US forces evacuated from Libya as Haftar seeks to assume military control
Fighting rages between UN-backed Tripoli government and self-styled Libyan National Army
Libyan National Army members, commanded by Khalifa Haftar, head out of Benghazi to reinforce the troops advancing to Tripoli. Photograph: Esam Omran Al-Fetori
US forces were dramatically evacuated from the Libyan capital yesterday as fighting raged in the city between militia allied to the UN-backed government of Tripoli and the self-styled Libyan National Army led by Field Marshal Khalifa Haftar, the leading military figure from the east.
Haftar is seeking to capture the capital and seize military control of the whole country before UN-sponsored talks due to start this week that were designed to map out a path to fresh elections.
Footage on social media showed two fast US navy transport craft manoeuvring off a beach in Janzour in Tripoli’s western suburbs, sending up plumes of spray as American forces were ferried from the shore.
The evacuation came after three days of fighting on the southern outskirts of the city as Haftar’s forces continued their assault and expelled militias aligned with the UN-backed government of national accord (GNA).
In an escalation at the weekend, both sides launched airstrikes, with Tripoli residents reporting indiscriminate artillery fire hitting homes across the capital. The clashes on Saturday alone resulted in seven deaths and 55 being wounded, according to a spokesperson for the field hospital in Tripoli.
Calls for sanctions to be taken against Haftar were heard for the first time, including from the former UK ambassador to Libya, Peter Millett. Federica Mogherini, the EU foreign affairs chief, will try to harness a united front at a meeting of the EU general affairs council today.
Tensions between Rome and Paris over the extent of Emmanuel Macron’s past support for Haftar have been simmering for months.
The GNA prime minister, Fayez al-Sarraj, who accused Haftar of treachery has also protested to the French ambassador to Libya, Beatrice du Hellen, about the French support for Haftar. On Saturday Macron spoke to Antonio Guterres, the UN secretary general, and the Elysee insisted he was calling for restraint from all sides.
The evacuation is the first public acknowledgement that the US has forces in Libya, with the US Africa Command saying in a statement: “Due to increased unrest in Libya a contingent of US forces supporting US Africa Command temporarily relocated from the country in response to security conditions on the ground.”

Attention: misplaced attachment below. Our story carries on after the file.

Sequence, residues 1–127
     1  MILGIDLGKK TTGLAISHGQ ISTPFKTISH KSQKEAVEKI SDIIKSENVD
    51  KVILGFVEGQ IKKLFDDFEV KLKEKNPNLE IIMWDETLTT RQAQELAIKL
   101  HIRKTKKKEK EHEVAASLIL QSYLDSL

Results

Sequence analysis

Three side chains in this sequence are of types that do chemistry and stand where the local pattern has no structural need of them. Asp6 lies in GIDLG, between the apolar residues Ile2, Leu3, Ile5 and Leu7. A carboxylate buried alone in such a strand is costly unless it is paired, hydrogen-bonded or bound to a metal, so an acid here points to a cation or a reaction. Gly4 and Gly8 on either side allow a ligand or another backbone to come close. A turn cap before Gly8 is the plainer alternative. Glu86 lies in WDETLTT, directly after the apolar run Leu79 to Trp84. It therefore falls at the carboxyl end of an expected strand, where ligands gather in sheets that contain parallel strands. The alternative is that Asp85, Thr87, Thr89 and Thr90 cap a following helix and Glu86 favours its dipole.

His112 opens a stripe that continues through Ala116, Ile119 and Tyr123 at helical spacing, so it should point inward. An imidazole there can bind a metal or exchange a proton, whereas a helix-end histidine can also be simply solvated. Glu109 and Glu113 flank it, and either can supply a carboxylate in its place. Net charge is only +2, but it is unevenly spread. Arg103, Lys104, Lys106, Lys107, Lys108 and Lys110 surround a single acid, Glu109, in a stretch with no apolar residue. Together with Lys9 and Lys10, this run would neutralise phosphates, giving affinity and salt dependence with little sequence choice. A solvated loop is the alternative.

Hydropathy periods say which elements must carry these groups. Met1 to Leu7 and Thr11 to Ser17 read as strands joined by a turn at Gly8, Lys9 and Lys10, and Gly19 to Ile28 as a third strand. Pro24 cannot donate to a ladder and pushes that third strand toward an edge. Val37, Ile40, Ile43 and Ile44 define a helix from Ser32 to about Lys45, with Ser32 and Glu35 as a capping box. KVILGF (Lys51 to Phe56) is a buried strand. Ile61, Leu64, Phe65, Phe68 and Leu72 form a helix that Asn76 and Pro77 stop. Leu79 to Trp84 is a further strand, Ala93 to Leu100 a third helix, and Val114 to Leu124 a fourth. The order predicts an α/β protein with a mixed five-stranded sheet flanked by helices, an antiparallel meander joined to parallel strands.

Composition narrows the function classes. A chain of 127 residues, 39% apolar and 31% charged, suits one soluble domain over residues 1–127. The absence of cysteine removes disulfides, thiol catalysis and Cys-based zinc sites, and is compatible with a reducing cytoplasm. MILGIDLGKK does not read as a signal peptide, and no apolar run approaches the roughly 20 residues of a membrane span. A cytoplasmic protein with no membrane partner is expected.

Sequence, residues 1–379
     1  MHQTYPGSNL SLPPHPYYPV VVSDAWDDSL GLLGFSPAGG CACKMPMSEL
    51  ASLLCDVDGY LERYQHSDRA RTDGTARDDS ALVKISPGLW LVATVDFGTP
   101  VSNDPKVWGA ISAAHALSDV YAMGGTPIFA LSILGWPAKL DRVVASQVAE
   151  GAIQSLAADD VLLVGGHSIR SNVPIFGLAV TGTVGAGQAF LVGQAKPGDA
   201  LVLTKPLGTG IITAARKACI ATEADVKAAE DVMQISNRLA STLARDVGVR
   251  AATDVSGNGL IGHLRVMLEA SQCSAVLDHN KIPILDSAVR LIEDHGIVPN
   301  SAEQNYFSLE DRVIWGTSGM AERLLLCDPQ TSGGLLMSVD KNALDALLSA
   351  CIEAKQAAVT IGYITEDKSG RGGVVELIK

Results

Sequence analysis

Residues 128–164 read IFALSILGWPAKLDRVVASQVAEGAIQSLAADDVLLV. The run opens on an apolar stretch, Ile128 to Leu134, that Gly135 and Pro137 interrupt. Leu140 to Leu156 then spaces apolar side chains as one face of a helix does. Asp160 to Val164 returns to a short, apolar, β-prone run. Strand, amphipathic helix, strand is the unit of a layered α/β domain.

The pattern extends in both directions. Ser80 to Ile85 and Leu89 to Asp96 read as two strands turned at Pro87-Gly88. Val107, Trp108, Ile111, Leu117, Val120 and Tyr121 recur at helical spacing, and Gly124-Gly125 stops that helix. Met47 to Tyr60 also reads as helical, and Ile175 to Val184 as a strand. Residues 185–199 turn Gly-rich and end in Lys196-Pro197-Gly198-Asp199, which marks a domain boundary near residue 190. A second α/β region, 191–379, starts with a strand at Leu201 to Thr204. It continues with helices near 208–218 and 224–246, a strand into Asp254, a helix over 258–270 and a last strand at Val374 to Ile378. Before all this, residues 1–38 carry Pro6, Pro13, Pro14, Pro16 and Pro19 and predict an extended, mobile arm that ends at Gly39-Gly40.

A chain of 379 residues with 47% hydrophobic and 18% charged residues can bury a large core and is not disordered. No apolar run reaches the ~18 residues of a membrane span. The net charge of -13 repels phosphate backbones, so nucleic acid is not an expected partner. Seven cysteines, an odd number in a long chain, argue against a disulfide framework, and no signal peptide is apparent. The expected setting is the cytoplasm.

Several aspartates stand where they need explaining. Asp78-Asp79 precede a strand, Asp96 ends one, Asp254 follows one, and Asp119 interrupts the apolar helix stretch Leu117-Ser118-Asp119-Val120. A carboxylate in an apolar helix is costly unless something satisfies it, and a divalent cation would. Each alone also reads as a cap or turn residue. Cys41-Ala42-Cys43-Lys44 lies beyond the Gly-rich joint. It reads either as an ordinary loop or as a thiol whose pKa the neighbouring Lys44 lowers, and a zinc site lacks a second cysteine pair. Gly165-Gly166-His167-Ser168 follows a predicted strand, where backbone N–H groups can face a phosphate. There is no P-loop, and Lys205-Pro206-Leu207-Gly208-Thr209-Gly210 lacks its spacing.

The US gave no details of the size of the force, or its mission, but said it might be sent back later.
“We will continue to monitor conditions on the ground and assess the feasibility for renewed US military presence, as appropriate,” it said.
In the past, US special forces have been deployed, along with British and French elite units, to fight Islamic State in Libya in the last three years. The US has launched more than a dozen sets of airstrikes against Isis in the southern desert.
Air-tracking websites show continuing US drone activity over Tripoli and special forces transport planes regularly shuttle between the western city of Misrata and bases in Italy.
In a fast moving military situation, Haftar’s forces claim to have captured Tripoli’s international airport in the southern part of the city, where the fighting was focused at the weekend. Schools were closed for a week and queues formed at petrol stations.
The Italian interior minister, Matteo Salvini, also said he was concerned for the welfare of Italian employees of major oil firms such as ENI.
An air assault was also mounted on military vehicles belonging to the GNA presidential council’s Naqlia camp. It is thought Haftar has superior air forces supplied by the United Arab Emirates.
There is also mounting concern in Washington about Russia’s role in Libya, with diplomatic sources recently accusing Moscow of deploying up to 300 mercenaries in eastern Libya to support Haftar.
Sarraj faces a choice of either seeking to defend the capital, and waiting for international diplomatic pressure to force Haftar to retreat; or instead launching offensives of his own, thereby escalating the war and possibly losing international backing. Haftar’s hopes that various groups inside Tripoli would defect to him have so far proved false.
UN mediators continue urging a ceasefire but some think Haftar is unwilling to compromise.
“He has never been interested in the policy process. Even when I used to go and see him, he would say: ‘Security comes first, politics will follow,’” said Millett. “His aim is to take Tripoli. I think they [the UN]should impose sanctions. What other tools do the international community have?”